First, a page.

A boy reaches for a can on a grocery shelf

Rising food prices: How Indigenous communities are responding

A boy reaches for a can on a grocery shelf
Photo: OCIC/Allan Lissner

UPDATE, December 2022: Food prices have now risen by over 10% in Canada. Need has risen sharply, and donation dollars don't go as far. Learn more in this article from Global News, featuring an interview with Canadian Feed The Children.



In May 2022, the UN Security Council met to address the global hunger crisis. This is unprecedented – the council usually meets to discuss global threats such as war. For hunger to rise to this level was unthinkable until now.  

This global crisis is affecting families in every community we partner with, including in Indigenous communities in Canada. Food prices have grown significantly, making life much harder for families, especially in remote Indigenous communities.

Why are food prices rising? 

Canada is not the only country experiencing rising food prices and hunger. This is a global phenomenon. Here are some reasons why:

  • Economic crisis caused by COVID-19 
  • Climate change is wiping out crops and livelihoods around the world
  • Conflicts around the world are throwing families into severe food insecurity 
  • Supply chain issues are slowing down food production  
  • High inflation worldwide is driving up food costs

The end result is that 58.6 million more people are going hungry worldwide. For more, read this tweet thread by David McNair. 

    How does this affect Canadian food prices? 

    In Canada food prices are continuing to rise. In December 2021, Canada’s Food Price Report predicted a 5% to 7% rise in food prices for the year 2022.

    This was before the conflict in Ukraine began. Today, grocery prices are up by nearly 9%, according to the Consumer Price Index from Statistics Canada. 

        What does this mean for food prices in Indigenous communities? 

        For remote Indigenous communities, food prices were already up to 2.5 times higher than the national average. This means that the 9% increase can actually feel more like 20%.  

        Ernie Bussidor is the former chief of the Sayisi Dene First Nation in Manitoba, one of CFTC’s Indigenous partner communities. In a recent interview with the CBC, he notes that high gas prices were also making it very hard to afford food, especially during this past winter, when gas ran out and had to be flown in at a high cost.  

        In short, many Indigenous families are finding it much more difficult to put food on the table.

         

        Potato harvest in Sembaa K'e First Nation, NWT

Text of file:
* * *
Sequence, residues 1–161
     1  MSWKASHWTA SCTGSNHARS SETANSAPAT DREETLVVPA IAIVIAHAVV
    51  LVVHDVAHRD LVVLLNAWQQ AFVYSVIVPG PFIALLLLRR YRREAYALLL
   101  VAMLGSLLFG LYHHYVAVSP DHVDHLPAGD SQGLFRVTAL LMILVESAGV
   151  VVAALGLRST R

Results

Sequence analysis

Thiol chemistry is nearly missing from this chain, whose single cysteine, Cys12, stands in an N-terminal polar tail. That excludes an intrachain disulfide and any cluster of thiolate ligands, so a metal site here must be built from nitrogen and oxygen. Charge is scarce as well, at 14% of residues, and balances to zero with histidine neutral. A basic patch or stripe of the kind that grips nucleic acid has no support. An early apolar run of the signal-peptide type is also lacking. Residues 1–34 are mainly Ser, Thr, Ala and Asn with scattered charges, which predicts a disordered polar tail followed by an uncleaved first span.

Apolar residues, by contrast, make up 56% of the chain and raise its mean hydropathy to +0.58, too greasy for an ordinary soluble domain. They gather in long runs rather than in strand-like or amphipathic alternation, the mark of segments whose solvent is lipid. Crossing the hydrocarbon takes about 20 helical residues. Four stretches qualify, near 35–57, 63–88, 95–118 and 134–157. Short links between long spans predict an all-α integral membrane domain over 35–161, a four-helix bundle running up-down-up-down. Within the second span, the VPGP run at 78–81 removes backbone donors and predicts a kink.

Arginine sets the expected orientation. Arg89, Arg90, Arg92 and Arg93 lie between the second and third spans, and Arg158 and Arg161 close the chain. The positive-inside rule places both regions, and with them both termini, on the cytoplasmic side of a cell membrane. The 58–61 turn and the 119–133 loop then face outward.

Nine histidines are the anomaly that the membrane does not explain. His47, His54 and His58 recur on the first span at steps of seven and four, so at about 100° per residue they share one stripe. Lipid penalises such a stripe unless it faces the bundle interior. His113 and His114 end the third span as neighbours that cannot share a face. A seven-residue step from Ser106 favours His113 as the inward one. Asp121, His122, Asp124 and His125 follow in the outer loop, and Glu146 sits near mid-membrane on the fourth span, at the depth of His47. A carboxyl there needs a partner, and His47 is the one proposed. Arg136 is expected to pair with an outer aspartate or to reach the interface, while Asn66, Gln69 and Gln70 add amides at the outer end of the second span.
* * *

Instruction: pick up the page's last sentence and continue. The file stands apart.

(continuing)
Potato harvest in Sembaa K'e First Nation, NWT

        Four ways communities are responding to rising food prices 

        Each of the 31 Indigenous communities we partner with has a different approach to helping families who need extra support at this time. Some of these responses include: 

        • Gardening programs to supply fresh food during the summer.  
        • Indoor growing programs to grow fresh produce year round 
        • Food forests continue to be developed in four communities in Alberta and Saskatchewan, which also include seasonal gardens for an immediate supply of produce 
        • Traditional food harvesting for protein like fish, moose, caribou and other wild game, along with berries and medicinal plants  

        Youth in Lubicon Lake First Nation

        Youth learning on the land in Lubicon Lake Nation, AB.

        “Food sovereignty helps everybody.” 

        The world is changing rapidly, and communities continue to respond as best they can to new challenges. In all cases, food sovereignty is the ultimate goal. It’s a return to local food systems that will create a food secure future for Indigenous children. While current challenges remain, children and families are already benefitting from learning how to eat sustainably from the land through traditional food practices.  

        In Lubicon Lake, seven-year-old Malaika and her mother told us about the community programs that have been helping people feed their families. Her mother says: 

        “[Traditional food practices are] important to us because when we go hunting, we don’t just do it for ourselves, we give it out to those who need it most. Lots of people live on social assistance, so traveling to buy groceries takes a good chunk of their money. Food sovereignty helps everybody.” - Loretta, Lubicon Lake Band

         

        Your support makes a difference 

        We thank everyone who has supported Indigenous food sovereignty through their donations to programs like these. Your support has been crucial to community success thus far. The need is growing, and your support can make a big impact to help families who need it most.

         

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